Centers for Disease Control and Prevention. (2019). What is “early intervention”?. https://www.cdc.gov/ncbddd/actearly/parents/states.html
Chiu, S. J., Lin, I. F., Chou, Y. T., & Chien, L. Y. (2020). Family quality of life among Taiwanese children with developmental delay before and after early intervention. Journal of Intellectual Disability Research, 64(8), 589–601. https://doi.org/10.1111/jir.12754
Cole, B., Pickard, K., & Stredler-Brown, A. (2019). Report on the use of telehealth in early intervention in Colorado: Strengths and challenges with telehealth as a service delivery method. International Journal of Telerehabilitation, 11(1), 33–40. https://doi.org/10.5195/ijt.2019.6273
Constantinescu, G., Waite, M., Dornan, D., Rushbrooke, E., Brown, J., McGovern, J., Ryan, M., & Hill, A. (2014). A pilot study of telepractice delivery for teaching listening and spoken language to children with hearing loss. Journal of Telemedicine and Telecare, 20(3), 135–140. https://doi.org/10.1177/1357633X14528443
Eslami Jahromi, M., & Ahmadian, L. (2021). Determining the effect of tele-rehabilitation on patients with stutter using the goal attainment scaling (GAS). BMC Medical Informatics and Decision Making, 21(1), 280. https://doi.org/10.1186/s12911-021-01642-3
Fung, A., & Ricci, M. F. (2020). Rethinking 'essential' and 'nonessential': the developmental paediatrician's COVID-19 response. Paediatrics & Child Health, 25(5), 265–267. https://doi.org/10.1093/pch/pxaa077
Graham, F., Rodger, S., & Ziviani, J. (2013). Effectiveness of occupational performance coaching in improving children’s and mothers’ performance and mothers’ self-competence. American Journal of Occupational Therapy, 67(1), 10-18. https://doi.org/10.5014/ajot.2013.004648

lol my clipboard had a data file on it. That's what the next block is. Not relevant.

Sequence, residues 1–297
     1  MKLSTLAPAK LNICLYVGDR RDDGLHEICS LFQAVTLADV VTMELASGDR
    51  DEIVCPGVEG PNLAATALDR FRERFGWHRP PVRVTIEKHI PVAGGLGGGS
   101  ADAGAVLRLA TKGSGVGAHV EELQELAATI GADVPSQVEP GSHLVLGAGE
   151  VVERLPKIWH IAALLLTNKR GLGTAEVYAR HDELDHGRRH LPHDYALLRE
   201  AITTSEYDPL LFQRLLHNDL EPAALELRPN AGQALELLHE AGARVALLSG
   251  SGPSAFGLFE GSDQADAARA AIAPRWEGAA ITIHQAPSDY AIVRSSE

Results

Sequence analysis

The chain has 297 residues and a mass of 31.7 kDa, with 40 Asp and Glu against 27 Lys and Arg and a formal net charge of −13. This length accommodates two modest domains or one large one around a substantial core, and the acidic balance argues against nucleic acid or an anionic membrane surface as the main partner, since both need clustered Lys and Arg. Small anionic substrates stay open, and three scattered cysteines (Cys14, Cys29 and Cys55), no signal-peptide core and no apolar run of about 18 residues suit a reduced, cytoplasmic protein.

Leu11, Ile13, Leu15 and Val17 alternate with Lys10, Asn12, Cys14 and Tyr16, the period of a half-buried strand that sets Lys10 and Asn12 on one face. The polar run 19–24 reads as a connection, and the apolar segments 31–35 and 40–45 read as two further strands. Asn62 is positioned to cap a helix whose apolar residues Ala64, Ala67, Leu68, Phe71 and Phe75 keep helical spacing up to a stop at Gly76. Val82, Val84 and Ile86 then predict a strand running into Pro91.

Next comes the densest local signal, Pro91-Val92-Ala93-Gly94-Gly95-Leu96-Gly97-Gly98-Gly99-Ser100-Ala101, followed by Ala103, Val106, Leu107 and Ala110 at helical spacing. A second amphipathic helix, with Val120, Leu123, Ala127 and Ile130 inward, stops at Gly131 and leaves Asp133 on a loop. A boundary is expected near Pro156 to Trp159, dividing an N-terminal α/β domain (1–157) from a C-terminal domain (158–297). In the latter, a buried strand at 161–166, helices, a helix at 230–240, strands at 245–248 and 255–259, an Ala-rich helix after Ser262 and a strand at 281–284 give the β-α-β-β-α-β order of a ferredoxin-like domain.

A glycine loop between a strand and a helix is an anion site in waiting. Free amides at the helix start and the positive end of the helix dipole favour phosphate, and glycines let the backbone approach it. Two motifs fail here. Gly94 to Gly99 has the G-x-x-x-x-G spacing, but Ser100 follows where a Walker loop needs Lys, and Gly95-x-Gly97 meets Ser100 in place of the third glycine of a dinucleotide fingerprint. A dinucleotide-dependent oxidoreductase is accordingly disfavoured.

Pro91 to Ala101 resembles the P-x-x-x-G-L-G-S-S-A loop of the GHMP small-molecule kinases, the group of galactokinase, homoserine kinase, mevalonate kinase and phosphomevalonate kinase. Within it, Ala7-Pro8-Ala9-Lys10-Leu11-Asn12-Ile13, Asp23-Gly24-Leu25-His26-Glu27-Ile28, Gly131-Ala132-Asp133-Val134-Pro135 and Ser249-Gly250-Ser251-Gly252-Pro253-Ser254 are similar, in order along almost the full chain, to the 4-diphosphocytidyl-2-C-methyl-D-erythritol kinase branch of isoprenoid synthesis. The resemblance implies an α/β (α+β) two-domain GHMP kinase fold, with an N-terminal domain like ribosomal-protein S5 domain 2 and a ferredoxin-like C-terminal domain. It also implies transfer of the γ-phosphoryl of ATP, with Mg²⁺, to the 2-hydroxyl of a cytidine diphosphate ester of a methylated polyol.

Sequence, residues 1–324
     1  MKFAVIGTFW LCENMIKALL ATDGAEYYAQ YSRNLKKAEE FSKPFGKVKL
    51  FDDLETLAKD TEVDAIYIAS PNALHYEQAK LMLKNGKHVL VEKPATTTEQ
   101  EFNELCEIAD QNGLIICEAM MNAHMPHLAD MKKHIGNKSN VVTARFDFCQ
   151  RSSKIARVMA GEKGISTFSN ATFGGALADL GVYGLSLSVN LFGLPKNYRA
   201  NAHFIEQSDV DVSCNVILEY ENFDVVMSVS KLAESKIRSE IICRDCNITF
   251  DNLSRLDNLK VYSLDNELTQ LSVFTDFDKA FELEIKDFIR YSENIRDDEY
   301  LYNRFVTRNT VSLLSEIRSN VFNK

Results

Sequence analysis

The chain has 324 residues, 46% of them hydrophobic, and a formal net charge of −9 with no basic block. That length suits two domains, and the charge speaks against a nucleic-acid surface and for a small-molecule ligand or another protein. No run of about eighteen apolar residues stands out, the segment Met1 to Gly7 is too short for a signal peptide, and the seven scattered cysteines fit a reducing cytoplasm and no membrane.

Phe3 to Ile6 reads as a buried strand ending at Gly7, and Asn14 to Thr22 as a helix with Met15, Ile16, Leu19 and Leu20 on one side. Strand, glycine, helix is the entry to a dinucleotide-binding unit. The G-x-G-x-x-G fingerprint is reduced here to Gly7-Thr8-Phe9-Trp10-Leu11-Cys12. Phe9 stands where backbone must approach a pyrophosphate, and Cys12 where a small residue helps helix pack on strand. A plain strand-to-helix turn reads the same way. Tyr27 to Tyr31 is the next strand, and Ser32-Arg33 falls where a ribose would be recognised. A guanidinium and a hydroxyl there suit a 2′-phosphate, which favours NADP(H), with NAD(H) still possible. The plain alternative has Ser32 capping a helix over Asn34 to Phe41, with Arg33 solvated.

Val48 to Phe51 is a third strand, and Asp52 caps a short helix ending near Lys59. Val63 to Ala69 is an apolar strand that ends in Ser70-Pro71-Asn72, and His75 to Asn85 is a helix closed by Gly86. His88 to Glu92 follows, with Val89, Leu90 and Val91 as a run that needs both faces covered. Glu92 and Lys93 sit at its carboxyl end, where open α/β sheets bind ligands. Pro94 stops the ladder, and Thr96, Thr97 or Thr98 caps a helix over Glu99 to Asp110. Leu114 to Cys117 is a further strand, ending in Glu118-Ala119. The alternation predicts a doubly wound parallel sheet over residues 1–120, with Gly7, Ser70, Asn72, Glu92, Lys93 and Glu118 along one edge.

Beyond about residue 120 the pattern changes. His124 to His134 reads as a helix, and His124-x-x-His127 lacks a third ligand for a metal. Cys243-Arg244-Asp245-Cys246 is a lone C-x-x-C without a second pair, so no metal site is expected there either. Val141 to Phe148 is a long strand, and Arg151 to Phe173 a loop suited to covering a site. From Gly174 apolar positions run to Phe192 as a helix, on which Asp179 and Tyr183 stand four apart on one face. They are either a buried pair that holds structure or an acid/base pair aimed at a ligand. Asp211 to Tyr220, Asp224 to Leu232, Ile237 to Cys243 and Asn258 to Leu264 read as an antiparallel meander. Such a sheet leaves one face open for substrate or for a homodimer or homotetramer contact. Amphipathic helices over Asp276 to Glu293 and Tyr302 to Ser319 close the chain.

Ingersoll, B., Wainer, A. L., Berger, N. I., Pickard, K. E., & Bonter, N. (2016). Comparison of a self-directed and therapist-assisted telehealth parent-mediated intervention for children with ASD: a pilot RCT. Journal of Autism and Developmental Disorders, 46(7), 2275–2284. https://doi.org/10.1007/s10803-016-2755-z
Kronberg, J., Tierney, E., Wallisch, A., & Little, L. M. (2021). Early intervention service delivery via telehealth during COVID-19: A research-practice partnership. International Journal of Telerehabilitation, 13(1), e6363. https://doi.org/10.5195/ijt.2021.6363
Lalios, A. P. (2012). ConnectHear teleIntervention program. Volta review, 112(3), 357–364.
Little, L. M., & Stoffel, A. (2021). Adaptations to early intervention service delivery during COVID-19. The Open Journal of Occupational Therapy, 9(3), 1-9. https://doi.org/10.15453/2168-6408.1845
Little, L. M., Wallisch, A., Pope, E., & Dunn, W. (2018). Acceptability and cost comparison of a telehealth intervention for families of children with autism. Infants & Young Children, 31(4), 275–286. https://doi.org/10.1097/IYC.0000000000000126